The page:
Value: awards will vary in value, with a minimum value of $2,500 for undergraduate degree programs and a minimum value of $10,000 for graduate degree programs. The Métis Scholar Awards were established by a contribution from the Métis Education Foundation and an ongoing commitment by the University of Lethbridge. The purpose of the awards is to help alleviate financial need and to encourage post-secondary achievement on the part of Métis students studying at the University of Lethbridge.

Canadian Students *All costs are estimates and are subject to change Tuition & Fees

$5,658 (2013/2014)

Health & Dental

$245 (refundable with proof of other extended health & dental coverage)

There are a minimum of six undergraduate degree awards and one graduate degree award.

Books & Supplies $1,250 ($125 per course)

For deadlines or more information, visit 
 www.uleth.ca/ross/student-finance/awards

TOTAL

Additional Funding Resources If you are of Treaty Status and are registered with a First Nations Band, you can contact your band’s post-secondary counsellor for funding procedures.

$7,153


Help When You Need It Financial Assistance

FNMI Librarian

Housing

Location: Level 1, Students’ Union

Location: L1156

On Campus Housing Location: C420

If you find yourself in a financial situation that is unmanageable, the Students’ Union can advise you of the resources that are available.

Andrea Glover is the Librarian who specializes in decreasing anxiety and increasing information literacy for First Nations, Métis & Inuit students at the U of L library. Students and faculty are encouraged to contact this resource person for specialized reference and instructional assistance and suggestions regarding collection development.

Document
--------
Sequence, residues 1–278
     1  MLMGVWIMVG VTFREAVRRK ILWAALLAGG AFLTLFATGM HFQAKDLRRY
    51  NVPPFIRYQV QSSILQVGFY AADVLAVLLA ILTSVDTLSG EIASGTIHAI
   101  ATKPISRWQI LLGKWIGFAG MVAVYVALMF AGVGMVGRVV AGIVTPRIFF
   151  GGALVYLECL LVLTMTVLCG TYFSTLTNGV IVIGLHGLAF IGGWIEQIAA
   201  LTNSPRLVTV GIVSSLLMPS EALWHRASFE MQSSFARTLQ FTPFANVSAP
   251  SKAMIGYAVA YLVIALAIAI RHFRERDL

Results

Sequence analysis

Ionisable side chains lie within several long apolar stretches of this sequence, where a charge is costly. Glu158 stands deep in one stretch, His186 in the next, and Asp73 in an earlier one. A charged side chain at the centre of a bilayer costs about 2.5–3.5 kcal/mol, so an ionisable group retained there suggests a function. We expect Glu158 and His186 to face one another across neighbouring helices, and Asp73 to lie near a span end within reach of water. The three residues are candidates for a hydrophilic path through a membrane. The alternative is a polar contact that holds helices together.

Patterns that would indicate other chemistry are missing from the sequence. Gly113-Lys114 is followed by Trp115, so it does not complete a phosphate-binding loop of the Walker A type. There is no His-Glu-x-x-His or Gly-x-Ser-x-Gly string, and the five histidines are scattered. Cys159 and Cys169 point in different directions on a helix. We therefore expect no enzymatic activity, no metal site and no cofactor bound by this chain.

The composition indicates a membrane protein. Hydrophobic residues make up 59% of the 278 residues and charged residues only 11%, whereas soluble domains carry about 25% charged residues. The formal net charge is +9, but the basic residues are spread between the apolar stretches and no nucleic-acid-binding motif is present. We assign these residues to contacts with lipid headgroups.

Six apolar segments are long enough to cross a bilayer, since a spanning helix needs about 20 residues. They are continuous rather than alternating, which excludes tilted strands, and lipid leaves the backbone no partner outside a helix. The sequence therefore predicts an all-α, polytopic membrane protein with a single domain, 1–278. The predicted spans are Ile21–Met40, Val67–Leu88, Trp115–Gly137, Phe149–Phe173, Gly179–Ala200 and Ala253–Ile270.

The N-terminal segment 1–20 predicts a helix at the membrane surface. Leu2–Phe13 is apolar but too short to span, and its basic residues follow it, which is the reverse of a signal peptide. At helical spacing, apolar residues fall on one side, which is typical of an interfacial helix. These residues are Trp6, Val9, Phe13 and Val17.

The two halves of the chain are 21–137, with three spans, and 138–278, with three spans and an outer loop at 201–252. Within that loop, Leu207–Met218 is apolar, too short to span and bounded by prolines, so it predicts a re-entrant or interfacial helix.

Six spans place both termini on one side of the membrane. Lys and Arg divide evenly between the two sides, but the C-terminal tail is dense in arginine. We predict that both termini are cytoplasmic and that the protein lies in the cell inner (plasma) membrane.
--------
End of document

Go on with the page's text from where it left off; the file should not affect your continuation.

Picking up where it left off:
www.ulethbridge.ca/housing housing@uleth.ca

Career Resources CentreS RE Location: AH154 If you need helping finding a job, this is a valuable resource! The Career Resources Centre links you with employers across Canada and beyond. Various resources will assist you in making the most of your education in the workforce, including Co-operative Education, Applied Studies and career advising. The Career Resources Centre can help you develop a great resume; find part-time, summer or full-time employment; and prepare for interviews.

Daycare Location: Near the Aperture Park residences Open Monday to Friday, 7:30 a.m. to 6:30 p.m., the on-campus daycare offers childcare for children up to age six. Conveniently located near the student residence buildings, the daycare has both indoor and outdoor play areas. Children are divided into classrooms based on age and activities are designed to meet the need of each group. Students with children are given priority access but space is limited. Apply online at uleth.ca/vpadmin/daycare

Counselling Services Location: TH218 www.ulethbridge.ca/counselling counselling.services@uleth.ca Attending university for the first time can be an overwhelming experience. It’s important to know what support and resources are available to students on campus. The Counselling Services office is located in Turcotte Hall, and staff are available to help you with your study and test taking skills. As well, throughout your degree, counsellors are there to help with career decisions. Personal counselling is also available to students, free of charge, and it’s strictly confidential.